So, I guess we're about to feed the War Pig in Syria.

On the one hand, the Dirty Fecking Hippies were right about Iraq.  On the other, the Sensible Interventionist Centrists were right about Libya.  (At least right about it not being a quagmire.)

I'm betting this is another Libya.  We explode enough ordinance in Syria to pay for laptops for every school child in America.  Terrible people are killed and different terrible people benefit.

But if the bright line was crossed, I don't see much options.

If you have punitive warfare or coercive warfare, I can handle a little punitive warfare designed to punish the Assad mob.  But if we think we can coerce a result that will make us happy, we are kidding ourselves.

Monday, August 26, 2013


Ezra Klein notes that health care and education do not conform to market forces, because they HAVE to be purchased at some point.  If you CAN go to college, you MUST go to college.

Well, maybe.

But his point is that the greatest power a consumer has is the power to say, "No".  iPhone 5 too expensive?  I'll wait until it comes down in price.  Maybe look at a Droid.

You can't do that with chemotherapy and you probably shouldn't do that with college.

He buttresses this point by noting how much money we spend on health care and education compared to other developed countries and how poorly our results are.

The comments are depressing as hell, a relentless march of market fundamentalists and Tea Party trolls.

The basic comparison point is that OECD countries have the government RUN health care and much of higher education, whereas in the US this is in private hands.

In health care and in college, this means that if you have money, your results are excellent.  You can get the best care and your kid can go to Stanford.

If you DON'T have money, you are going to struggle.  And those struggles accumulate over generations.

OECD countries have aggressive and pervasive welfare states that don't allow for the sort of poverty we see in the US.  And much of that poverty exists among a heterogeneous populations of minorities.  

If you remove the poor from America's health care and education system, we come out near the top.  If you just look at the poor we are at the bottom.

John Edwards was a scumbag, but he was right about Two Americas.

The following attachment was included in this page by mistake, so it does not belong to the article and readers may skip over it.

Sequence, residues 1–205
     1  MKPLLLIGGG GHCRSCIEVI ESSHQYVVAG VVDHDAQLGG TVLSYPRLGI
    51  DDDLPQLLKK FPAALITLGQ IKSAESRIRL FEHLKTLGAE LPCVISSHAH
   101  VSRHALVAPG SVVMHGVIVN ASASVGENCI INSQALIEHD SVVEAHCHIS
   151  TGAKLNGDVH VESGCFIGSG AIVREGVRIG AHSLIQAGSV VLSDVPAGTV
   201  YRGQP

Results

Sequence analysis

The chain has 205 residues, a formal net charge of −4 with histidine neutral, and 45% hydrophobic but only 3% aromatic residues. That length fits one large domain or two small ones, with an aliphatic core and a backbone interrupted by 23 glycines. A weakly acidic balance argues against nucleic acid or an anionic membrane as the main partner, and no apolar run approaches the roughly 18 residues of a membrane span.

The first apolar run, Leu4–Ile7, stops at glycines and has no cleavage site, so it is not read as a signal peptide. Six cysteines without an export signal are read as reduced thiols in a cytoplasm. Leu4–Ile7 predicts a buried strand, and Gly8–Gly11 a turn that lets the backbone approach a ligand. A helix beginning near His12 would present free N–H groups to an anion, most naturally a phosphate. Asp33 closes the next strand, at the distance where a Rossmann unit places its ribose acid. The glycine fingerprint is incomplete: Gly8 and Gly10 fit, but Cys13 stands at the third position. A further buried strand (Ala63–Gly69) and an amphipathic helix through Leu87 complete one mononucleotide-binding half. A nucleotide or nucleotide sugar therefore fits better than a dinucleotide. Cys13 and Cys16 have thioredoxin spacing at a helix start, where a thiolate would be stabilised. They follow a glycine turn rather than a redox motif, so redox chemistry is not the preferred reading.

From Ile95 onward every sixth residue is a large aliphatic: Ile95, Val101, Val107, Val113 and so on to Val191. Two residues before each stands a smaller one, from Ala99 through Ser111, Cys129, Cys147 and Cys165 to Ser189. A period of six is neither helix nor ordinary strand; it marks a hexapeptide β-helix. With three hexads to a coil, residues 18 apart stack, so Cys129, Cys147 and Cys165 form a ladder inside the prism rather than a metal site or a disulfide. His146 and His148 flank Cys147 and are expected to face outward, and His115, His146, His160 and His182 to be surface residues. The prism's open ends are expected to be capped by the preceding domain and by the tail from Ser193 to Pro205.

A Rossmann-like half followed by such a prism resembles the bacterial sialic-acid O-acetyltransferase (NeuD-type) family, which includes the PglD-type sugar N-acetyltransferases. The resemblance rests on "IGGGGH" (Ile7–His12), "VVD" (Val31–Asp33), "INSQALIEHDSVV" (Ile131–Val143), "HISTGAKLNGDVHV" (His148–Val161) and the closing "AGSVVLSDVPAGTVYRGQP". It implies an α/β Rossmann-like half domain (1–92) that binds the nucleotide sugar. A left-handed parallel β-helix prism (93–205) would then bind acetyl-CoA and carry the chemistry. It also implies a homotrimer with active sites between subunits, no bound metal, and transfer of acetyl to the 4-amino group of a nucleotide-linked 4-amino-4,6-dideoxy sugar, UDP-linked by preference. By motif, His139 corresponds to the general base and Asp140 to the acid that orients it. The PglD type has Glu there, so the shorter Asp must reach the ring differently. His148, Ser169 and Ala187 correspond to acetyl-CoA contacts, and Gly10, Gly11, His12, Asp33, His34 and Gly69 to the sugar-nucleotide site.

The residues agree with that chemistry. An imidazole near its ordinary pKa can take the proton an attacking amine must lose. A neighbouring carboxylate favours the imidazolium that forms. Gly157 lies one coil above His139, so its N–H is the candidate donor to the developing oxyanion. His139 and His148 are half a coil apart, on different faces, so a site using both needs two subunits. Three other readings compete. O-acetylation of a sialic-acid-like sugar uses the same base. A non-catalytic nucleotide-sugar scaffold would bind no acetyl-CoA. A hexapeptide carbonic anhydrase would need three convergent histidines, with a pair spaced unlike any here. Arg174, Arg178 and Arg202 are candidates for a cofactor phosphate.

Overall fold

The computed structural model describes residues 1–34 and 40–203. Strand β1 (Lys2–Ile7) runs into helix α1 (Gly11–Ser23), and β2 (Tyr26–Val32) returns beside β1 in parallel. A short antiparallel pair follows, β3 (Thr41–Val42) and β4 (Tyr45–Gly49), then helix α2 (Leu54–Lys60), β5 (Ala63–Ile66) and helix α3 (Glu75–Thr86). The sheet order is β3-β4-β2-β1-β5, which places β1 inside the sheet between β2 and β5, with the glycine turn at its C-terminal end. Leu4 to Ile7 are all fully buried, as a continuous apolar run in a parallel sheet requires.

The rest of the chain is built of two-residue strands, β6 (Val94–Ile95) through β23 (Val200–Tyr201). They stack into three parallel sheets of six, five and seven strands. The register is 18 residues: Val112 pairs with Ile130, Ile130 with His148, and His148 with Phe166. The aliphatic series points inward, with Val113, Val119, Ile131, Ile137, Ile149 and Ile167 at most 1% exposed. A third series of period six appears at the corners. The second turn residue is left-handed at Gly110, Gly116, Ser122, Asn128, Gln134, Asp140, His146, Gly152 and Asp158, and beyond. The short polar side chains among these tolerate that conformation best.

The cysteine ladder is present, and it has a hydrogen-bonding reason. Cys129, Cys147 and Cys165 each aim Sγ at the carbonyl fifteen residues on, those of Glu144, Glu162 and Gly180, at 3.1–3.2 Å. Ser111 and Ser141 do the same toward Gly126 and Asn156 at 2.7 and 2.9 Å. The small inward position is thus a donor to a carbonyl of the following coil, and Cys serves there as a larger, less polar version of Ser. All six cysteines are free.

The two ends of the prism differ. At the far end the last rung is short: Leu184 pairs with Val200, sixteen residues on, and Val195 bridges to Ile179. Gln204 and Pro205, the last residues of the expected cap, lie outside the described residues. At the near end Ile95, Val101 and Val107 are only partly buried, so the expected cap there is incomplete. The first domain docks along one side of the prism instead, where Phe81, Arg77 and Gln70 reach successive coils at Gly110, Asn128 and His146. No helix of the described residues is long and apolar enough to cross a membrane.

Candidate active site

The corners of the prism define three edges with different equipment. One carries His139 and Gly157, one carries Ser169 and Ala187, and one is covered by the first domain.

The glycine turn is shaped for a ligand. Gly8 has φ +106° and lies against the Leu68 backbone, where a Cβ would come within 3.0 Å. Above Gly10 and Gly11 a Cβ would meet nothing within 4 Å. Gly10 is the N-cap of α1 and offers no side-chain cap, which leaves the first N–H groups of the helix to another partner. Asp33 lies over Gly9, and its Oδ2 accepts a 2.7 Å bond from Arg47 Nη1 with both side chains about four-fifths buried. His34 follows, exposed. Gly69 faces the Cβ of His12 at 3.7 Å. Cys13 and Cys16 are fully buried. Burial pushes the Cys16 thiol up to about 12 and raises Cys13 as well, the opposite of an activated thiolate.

The War Pig

I'm with Booman that my questions aren't answered.  There are logical problems in this that haven't been answered.  But the war drums are being beaten.  And as we saw in 2003, once the war drums start beating, it is very hard to silence them.

But I'm not sure that we are headed for a full on war.  This feels more like a Libya than an Iraq.  That doesn't make it OK, it doesn't make it right and it doesn't make it safe.

But I don't think this is Iraq.  Because if it is, then this is how the Republicans win the White House in 2016.


A typical provocative Salon piece, but it raises an important point: our current model of teaching doesn't work nearly as well as we hope it would.  And some of that is based on premises about learning and teaching that just don't hold pedagogical water.

I'm not sure that democratic classrooms work, however.  My guess is that they work for those they work for and the ones who don't thrive (or survive) there don't last.

Thought provoking anyway.

Sunday, August 25, 2013

What's The Outcome?

Where are the Snowden leaks going?

Part of the problem of Greenwald's plaintiff's briefs are that they allow for him to be the messenger.  His threats against the British government when they detain his husband to try and recover - let's face it - stolen goods make him the story.

I don't think the NSA is systematically invading the privacy of Americans.  I don't think what Snowden reveals is a system put into place to spy on Americans.

I do think it reveals an NSA that accidentally spies on Americans and that allows people within the NSA to do things they shouldn't be allowed to do.

Just as the FISC ordered the NSA to stop sweeping up citizen's emails in their sweeps, I'd like to see Congress put reforms in place to greater protect the civil liberties of US citizens.  I want to make sure that the ONLY use of this metadata collection is to thwart attacks against the US, not drug trafficking or criminal behavior.

But that becomes hard when Greenwald (and Snowden, too) are the story.

Saturday, August 24, 2013

Bulwer-Lytton, Baby

I love these.

A sampling:

As the sun dropped below the horizon, the safari guide confirmed the approaching cape buffaloes were herbivores, which calmed everyone in the group, except for Herb, of course.